The Rail Development Authority (RDA) - which will comprise a chairman and three members – will set efficiency and performance standards for IR on the basis of “global benchmarking parameters”. It will have the powers to engage experts from other fields.
The RDA is expected to revive investor sentiment, as it will ensure greater continuity on the railway when a change of government occurs.
With the setting up of the regulator towards the fourth quarter of 2017, passenger fares on the IR network - which have remained hugely subsidised in recent decades - are also likely to rise.
A focus for the RDA will be addressing the huge disparity in yield between IR’s passenger and freight businesses. According to the 2015 White Paper on Indian Railways, yields from IR passenger services are among the lowest in the world – calculated at $US 0.01 per kilometre, against $US 0.027 cents in China, $US 0.067 in Russia, $US 0.094 in Japan and $US 0.062 in Germany.
Conversely, freight yields are among the highest at 1 US cent per tonne-km, compared with 0.58 cents in China, 0.75 cents in Russia and 0.51 cents in the United States.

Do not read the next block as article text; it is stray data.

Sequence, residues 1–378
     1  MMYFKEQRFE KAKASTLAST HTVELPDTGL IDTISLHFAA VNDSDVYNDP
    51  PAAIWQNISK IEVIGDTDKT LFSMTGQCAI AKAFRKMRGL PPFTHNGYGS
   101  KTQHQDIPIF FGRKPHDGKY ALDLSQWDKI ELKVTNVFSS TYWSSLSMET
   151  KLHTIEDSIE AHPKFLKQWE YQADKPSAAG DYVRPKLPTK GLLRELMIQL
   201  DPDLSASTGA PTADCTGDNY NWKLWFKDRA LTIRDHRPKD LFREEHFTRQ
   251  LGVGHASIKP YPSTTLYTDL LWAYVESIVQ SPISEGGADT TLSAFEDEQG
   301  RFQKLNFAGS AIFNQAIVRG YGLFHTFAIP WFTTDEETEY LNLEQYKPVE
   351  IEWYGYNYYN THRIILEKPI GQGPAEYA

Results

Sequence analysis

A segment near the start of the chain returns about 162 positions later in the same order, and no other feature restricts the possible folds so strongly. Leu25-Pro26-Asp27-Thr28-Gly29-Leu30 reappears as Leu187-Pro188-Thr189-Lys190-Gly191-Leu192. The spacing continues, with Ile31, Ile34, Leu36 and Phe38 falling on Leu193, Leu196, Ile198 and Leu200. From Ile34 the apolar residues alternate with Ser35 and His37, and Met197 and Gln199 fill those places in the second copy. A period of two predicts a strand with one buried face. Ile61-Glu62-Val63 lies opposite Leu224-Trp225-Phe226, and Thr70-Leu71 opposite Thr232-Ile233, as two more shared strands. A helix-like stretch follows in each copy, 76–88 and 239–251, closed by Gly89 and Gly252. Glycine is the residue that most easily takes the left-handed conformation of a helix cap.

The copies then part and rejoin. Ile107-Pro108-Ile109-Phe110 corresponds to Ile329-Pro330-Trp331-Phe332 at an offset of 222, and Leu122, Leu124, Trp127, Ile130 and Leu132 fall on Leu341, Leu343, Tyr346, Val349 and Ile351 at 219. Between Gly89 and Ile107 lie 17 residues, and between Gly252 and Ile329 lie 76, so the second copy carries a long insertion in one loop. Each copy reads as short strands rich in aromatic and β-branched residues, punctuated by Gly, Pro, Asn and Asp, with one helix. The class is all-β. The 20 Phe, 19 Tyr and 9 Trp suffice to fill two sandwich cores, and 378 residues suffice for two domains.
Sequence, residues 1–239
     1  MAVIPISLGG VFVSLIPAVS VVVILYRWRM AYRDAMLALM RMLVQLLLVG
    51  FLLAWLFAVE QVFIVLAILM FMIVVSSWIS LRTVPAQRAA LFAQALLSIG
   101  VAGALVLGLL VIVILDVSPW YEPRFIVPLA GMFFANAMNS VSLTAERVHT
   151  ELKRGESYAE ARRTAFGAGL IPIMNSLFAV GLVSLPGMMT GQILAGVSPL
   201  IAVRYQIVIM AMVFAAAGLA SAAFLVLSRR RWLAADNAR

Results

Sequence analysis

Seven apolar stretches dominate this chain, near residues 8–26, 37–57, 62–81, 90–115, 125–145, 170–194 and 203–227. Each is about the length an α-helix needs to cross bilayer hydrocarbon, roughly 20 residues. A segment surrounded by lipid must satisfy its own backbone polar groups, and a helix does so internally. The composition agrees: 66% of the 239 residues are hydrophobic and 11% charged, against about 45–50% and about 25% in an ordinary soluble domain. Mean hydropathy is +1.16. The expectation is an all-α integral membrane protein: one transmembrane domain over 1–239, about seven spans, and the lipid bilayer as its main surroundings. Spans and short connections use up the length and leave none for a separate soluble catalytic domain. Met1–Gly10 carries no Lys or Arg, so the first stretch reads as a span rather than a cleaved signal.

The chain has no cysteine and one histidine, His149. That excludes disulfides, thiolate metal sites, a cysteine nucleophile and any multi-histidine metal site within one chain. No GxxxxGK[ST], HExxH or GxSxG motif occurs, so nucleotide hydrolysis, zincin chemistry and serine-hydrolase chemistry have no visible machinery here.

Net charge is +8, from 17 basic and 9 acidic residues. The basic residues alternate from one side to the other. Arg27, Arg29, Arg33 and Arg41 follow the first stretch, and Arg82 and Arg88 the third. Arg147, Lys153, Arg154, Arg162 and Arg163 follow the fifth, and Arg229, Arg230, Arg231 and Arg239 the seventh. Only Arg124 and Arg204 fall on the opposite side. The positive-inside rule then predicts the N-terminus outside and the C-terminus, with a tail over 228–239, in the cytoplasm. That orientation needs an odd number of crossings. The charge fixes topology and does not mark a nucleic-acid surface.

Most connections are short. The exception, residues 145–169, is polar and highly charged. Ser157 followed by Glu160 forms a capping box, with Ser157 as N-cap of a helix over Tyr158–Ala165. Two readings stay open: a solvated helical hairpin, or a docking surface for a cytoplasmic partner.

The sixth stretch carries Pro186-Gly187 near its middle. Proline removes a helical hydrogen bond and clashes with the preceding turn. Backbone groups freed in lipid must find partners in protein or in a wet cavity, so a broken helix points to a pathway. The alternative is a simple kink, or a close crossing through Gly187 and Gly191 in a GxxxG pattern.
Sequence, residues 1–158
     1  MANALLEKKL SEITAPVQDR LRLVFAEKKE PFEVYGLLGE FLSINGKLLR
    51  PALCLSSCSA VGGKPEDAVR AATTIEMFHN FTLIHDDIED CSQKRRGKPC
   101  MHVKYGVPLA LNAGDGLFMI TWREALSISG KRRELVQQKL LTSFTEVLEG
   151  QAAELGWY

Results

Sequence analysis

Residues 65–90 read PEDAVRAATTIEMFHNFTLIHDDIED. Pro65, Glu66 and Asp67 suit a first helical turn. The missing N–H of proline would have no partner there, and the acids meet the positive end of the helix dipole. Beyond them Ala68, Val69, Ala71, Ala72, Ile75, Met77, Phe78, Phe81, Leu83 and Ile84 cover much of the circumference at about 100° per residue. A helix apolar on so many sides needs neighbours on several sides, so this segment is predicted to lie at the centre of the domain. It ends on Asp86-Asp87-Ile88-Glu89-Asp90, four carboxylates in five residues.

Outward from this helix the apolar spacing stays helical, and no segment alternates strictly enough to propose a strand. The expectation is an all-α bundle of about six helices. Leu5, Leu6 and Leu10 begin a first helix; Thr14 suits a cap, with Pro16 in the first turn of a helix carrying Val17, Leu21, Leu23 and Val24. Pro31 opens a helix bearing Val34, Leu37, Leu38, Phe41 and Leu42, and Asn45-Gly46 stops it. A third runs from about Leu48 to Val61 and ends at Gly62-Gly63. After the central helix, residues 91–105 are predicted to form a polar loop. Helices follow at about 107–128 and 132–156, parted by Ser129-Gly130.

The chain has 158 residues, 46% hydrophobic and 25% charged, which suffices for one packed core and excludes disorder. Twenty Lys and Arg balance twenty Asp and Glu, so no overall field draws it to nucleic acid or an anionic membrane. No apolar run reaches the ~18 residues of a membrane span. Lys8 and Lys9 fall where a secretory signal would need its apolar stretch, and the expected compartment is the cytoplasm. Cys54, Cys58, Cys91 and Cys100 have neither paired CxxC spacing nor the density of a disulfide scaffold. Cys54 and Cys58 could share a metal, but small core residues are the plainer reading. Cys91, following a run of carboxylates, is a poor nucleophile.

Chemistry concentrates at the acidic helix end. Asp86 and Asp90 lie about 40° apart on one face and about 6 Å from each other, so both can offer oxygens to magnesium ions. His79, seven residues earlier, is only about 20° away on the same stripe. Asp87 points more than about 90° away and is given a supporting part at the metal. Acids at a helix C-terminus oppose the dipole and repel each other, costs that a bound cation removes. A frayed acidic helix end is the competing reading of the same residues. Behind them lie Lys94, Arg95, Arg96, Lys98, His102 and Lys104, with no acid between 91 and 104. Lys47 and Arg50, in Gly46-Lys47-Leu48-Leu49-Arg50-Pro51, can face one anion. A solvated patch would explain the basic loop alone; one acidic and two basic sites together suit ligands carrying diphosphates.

With continuing losses in the passenger segment, IR has been diverting profits earned from freight to subsidise passenger services.
Losses in the passenger segment in the last fiscal year were estimated at Rs 320bn ($US 4.9bn).
“The setting up of the regulator means that the culture of populism will vanish and objective decisions in respect of freight and passenger tariffs will be taken,” an official said. “In all probability, passenger fares will henceforth be fixed on calculations of the Consumer Price Index.”
According to the Indian cabinet’s decision on April 5, an initial sum of Rs 500m will be set aside to establish the RDA, which will operate under the 1989 Railway Act.